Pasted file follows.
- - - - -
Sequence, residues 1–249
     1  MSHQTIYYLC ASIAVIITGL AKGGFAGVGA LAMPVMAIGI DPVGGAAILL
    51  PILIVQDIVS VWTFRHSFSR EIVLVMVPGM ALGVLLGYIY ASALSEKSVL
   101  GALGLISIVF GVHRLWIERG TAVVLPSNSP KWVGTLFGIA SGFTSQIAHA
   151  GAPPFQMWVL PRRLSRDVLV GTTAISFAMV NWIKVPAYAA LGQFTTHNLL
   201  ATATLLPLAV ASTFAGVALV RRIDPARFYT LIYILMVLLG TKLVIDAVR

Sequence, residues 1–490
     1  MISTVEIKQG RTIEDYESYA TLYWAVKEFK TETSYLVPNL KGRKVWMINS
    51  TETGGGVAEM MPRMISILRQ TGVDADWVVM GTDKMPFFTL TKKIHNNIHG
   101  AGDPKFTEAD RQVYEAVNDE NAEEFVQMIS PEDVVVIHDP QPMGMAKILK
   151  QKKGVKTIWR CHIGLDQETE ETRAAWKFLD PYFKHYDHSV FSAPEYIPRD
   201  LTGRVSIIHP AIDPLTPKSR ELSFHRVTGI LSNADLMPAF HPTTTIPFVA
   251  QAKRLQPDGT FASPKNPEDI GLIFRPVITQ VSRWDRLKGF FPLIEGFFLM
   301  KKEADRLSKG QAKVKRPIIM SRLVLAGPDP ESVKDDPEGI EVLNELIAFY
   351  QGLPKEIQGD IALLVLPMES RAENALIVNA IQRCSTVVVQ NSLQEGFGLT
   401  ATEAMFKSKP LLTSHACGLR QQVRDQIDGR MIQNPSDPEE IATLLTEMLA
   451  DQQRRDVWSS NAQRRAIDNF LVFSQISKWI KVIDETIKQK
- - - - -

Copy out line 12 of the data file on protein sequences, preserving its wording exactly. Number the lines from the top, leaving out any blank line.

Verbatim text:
   201  LTGRVSIIHP AIDPLTPKSR ELSFHRVTGI LSNADLMPAF HPTTTIPFVA